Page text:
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Saturday, 14 February 2015
More Heart Healthy Food
Topic: Nutrition and food safety

In keeping with February's Heart Month, I am posting another recipe that is a family-pleaser yet is very low in saturated fat: Ground Turkey Meatloaf!

You know that we raise grassfed beef cattle and that ground beef is also lower in saturated fats and  higher in "heart-healthy" fats, but it's not readily available in all markets. This week, ground turkey seems to be on sale everywhere! Look for the 95% Lean ground Turkey and organic if possible.

I've also tried to make this recipe lower in sodium by omitting worchestershire sauce and adding herbs for flavor enhancement, lower in carbohydrates by using plain tomato sauce instead of a traditional processed catsup or BBQ sauce addition, higher in natural sources of vitamins by sneaking in finely chopped vegetables. All of these things may seem small but if you are on any restriction, they add up in the course of a day. I encourage you to look at your traditional recipes and you'll find there are often ways to improve the "healthiness", without sacrificing the convenience in preps. 

Ground Turkey Meatloaf

1 pkg. (20 0z.) lean ground turkey (95% lean, if possible)

1/4 cup bread crumbs

4 oz. plain tomato sauce 

1 large egg

1/2 red, yellow or green pepper, diced (smart you- you keep frozen strips already in the freezer, saved from last Summer!)

1/2 cup finely chopped spinach or kale leaves

1/2 small onion, finely chopped 

finely chopped fresh parsley, dried or fresh thyme leaves, freshly ground black pepper, salt

Here's a photo of the deconstructed meatloaf before mixing together. Mix these ingredients and form into a meatloaf.

Then ready to go in the oven--note: I decided to drizzle a little more tomato here, it's really a small amount of catsup when "drizzled"! And you can omit it too, but don't put any on the table when you serve--that's where people tend to overuse.  Bake one hour at 350 degrees.

And finally, plated for serving. This will make 4 servings of 5 oz ground turkey each, perfect for any diet.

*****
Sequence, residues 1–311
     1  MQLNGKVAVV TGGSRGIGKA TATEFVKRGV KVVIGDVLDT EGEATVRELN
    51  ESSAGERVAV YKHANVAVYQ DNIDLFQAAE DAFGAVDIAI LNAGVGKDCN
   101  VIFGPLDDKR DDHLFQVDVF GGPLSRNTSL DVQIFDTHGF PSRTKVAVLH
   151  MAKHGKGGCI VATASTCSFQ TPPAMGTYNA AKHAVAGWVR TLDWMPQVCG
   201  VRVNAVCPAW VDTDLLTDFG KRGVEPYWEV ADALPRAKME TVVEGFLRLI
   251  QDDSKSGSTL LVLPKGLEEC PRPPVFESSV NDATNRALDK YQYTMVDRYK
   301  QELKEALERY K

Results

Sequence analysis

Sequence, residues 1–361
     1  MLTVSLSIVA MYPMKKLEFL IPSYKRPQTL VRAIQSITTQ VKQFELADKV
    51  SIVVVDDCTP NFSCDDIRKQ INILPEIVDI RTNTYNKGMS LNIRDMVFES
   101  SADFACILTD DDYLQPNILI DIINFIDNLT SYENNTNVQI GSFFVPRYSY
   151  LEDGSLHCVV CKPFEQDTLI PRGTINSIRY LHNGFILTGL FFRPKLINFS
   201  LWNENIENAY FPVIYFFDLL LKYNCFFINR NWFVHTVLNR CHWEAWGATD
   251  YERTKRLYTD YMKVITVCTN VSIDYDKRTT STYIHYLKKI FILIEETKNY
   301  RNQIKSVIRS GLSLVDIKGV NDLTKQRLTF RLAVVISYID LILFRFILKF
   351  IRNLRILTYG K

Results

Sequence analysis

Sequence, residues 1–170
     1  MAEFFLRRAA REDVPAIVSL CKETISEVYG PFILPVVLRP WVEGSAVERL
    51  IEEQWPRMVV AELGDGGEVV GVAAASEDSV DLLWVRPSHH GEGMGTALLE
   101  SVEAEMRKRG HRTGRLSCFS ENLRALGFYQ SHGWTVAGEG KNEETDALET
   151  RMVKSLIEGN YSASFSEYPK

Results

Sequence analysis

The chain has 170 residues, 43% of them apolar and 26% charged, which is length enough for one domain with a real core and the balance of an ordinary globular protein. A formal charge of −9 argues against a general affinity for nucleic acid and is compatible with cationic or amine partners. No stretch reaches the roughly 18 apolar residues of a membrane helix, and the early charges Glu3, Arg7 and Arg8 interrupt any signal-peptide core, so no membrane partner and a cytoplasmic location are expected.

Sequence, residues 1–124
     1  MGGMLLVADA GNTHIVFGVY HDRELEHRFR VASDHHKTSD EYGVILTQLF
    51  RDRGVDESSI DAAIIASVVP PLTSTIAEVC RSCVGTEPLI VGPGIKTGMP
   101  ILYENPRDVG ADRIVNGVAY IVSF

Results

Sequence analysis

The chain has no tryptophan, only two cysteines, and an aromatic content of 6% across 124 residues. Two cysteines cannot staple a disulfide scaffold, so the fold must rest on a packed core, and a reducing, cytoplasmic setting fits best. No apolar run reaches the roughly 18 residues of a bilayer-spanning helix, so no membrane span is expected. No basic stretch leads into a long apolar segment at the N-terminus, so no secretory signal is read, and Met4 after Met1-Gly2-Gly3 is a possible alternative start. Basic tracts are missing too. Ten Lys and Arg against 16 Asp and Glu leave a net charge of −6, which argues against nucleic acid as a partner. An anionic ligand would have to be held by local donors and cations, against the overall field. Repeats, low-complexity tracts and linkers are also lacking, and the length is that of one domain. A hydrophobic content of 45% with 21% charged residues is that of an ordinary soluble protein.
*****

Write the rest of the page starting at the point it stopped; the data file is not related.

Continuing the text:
Lots more colorful veggies included--a small serving of scalloped potatoes, large serving of steamed Kale with cooked carrots and cannellini beans. I put about 4-6 oz water and about 1 Tbsp. lemon juice in a large skillet, brought to simmer, then added a 1/2 bag of triple washed kale greens, cooking down until wilted (add more lemon water, if needed). Toss in some chopped garlic with the cooked greens. I cooked the carrots separately, then added them to the kale after greens were wilted and tender, and finally stirred in one can of rinsed and drained cannellini beans. Extra lemon juice and ground pepper to taste.




Posted by Karen at 08:40 CST
Updated: Saturday, 14 February 2015 18:27 CST
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Saturday, 7 February 2015
The "Heart Healthy" Label
Topic: Nutrition and food safety

A Quick Recipe can be made healthier by taking a closer look at the labels of the foods you buy.

Today I would like you to focus on a new label placed on some processed foods—this one is from the American Heart Association, is called "Heart Healthy" and is intended to point out foods that promote their healthy diets.

“Risky foods” for people include high sodium (high salt) processed foods and those containing high cholesterol, any trans fats and high saturated fats. So, a new label you may see is the “Heart Healthy” label to promote those foods lower in sodium and saturated fat.

The Crockpot Chicken Stew I am making has this label on the skinless chicken thighs, pointing out it is a food low in saturated fats and has no trans fats.

And the American Heart Association Heart Healthy label is also on the can of lower sodium Cream of Chicken soup that I am using.This time it's because of lower sodium content.

The regular Cream of Chicken soup by the same company has twice the sodium of the can shown. People with hypertension and heart failure certainly need to be aware of the sodium content in their diet. But it's important to note that most processed foods still contain higher sodium than what people without blood pressure or heart problems need, too!

Salt is often added for flavor, but we can easily improve the flavor of our homemade foods with the addition of herbs, not more salt! So, if you are making a crockpot stew using a processed soup, consider looking for low sodium options, never add more salt, instead making sure you add dried or fresh herbs. In this chicken stew—the addition of thyme and/or rosemary would be a great choice, along with ground pepper.



Quick Crockpot Chicken Stew

4 servings

1 lb boneless, skinless chicken thighs- cut up into 1” pieces

2 large carrots, cut into 1” chunks

2 large stalks of celery, diced

1 potato, diced 

½ small onion, diced

Place above into a lightly oiled crockpot.

Add 1 can of undiluted “Heart Healthy” Cream of Chicken Soup and stir in.